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Supplemental Table of Contents

1.1   U-Boat Offensive

1.2   Countermeasures to the U-boat
1.2.1 Convoys
1.2.2 Aircraft
1.2.3 Scientific and Technical
1.2.4 Sinking of U-boats

1.3   Survey of Results
1.3.1 From the U-boat Point of View
1.3.2 From the Allies Point of View








THE GREAT CAPABILITIES of the submarine as a weapon of war were first revealed during World War I when the U-boat campaign almost proved decisive. Fortunately, the Germans themselves did not fully realize in 1914 how valuable the U-boatt's ability to submerge and escape detection would be for offensive operations against enemy shipping. The small number of U-boats available to the Germans were used at first only to attack naval ships and it was not until 1915 that a concentrated attack was begun on English merchant shipping.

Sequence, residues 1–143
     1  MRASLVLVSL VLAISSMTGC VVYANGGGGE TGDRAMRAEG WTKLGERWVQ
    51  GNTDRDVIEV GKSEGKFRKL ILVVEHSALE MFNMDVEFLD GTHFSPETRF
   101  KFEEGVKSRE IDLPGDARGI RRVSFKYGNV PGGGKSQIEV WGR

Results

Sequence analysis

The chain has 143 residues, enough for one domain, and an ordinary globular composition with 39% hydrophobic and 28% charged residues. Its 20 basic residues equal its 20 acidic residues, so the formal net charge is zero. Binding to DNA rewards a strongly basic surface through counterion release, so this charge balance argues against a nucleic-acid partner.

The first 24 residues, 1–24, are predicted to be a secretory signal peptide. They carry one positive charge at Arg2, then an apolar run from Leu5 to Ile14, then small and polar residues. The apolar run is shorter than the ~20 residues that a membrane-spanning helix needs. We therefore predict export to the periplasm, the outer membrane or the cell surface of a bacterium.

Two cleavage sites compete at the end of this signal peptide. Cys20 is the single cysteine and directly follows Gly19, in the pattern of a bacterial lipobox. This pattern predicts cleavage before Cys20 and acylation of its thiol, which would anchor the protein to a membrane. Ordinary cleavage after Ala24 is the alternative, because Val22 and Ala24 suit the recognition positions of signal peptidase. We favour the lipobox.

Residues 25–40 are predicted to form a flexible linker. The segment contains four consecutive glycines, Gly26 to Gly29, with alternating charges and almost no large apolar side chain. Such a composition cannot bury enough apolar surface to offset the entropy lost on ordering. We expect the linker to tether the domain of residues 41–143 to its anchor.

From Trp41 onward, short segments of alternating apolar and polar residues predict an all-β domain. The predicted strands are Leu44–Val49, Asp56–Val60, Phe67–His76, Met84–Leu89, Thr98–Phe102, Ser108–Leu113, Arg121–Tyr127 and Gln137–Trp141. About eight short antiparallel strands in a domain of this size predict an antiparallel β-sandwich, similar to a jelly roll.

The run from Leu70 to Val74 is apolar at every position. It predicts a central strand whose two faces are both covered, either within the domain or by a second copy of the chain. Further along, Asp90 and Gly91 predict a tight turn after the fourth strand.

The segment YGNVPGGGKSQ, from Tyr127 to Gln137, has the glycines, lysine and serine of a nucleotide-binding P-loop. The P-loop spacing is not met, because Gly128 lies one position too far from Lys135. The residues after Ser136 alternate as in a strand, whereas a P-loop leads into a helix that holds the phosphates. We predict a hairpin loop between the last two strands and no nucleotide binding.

During 1915 and 1916 there were on the average only about 15 U-boats at sea at any time. These U-boats were sinking about 200,000 gross tons of shipping a month, while about 1 1/2 U-boats were being sunk each month. This situation was extremely satisfactory to the Germans, as the average life of a U-boat at sea during this period was about 10 months, during which the U-boat would sink about 13,000 gross tons of shipping a month, for a total of 130,000 gross tns of shipping sunk before the U-boat itself was sunk.
  Encouraged by these sucesses, the Germans in February 1917 started a large scale campaign of unrestricted warfare on merchant shipping in an attempt to blockade England. This attempt almost proved successful as Allied shipping losses rose steadily to a peak in April 1917. Four hundred and forty-four ships of about 900,000 gross tons were sunk by U-boats during that month. The British Fleet was confined to its bases for there was only 8 weeks' supply of fuel oil in England. Various countermeasures had been tried without success and defeat seemed just around the corner unless an antidote to the U-boat could be found.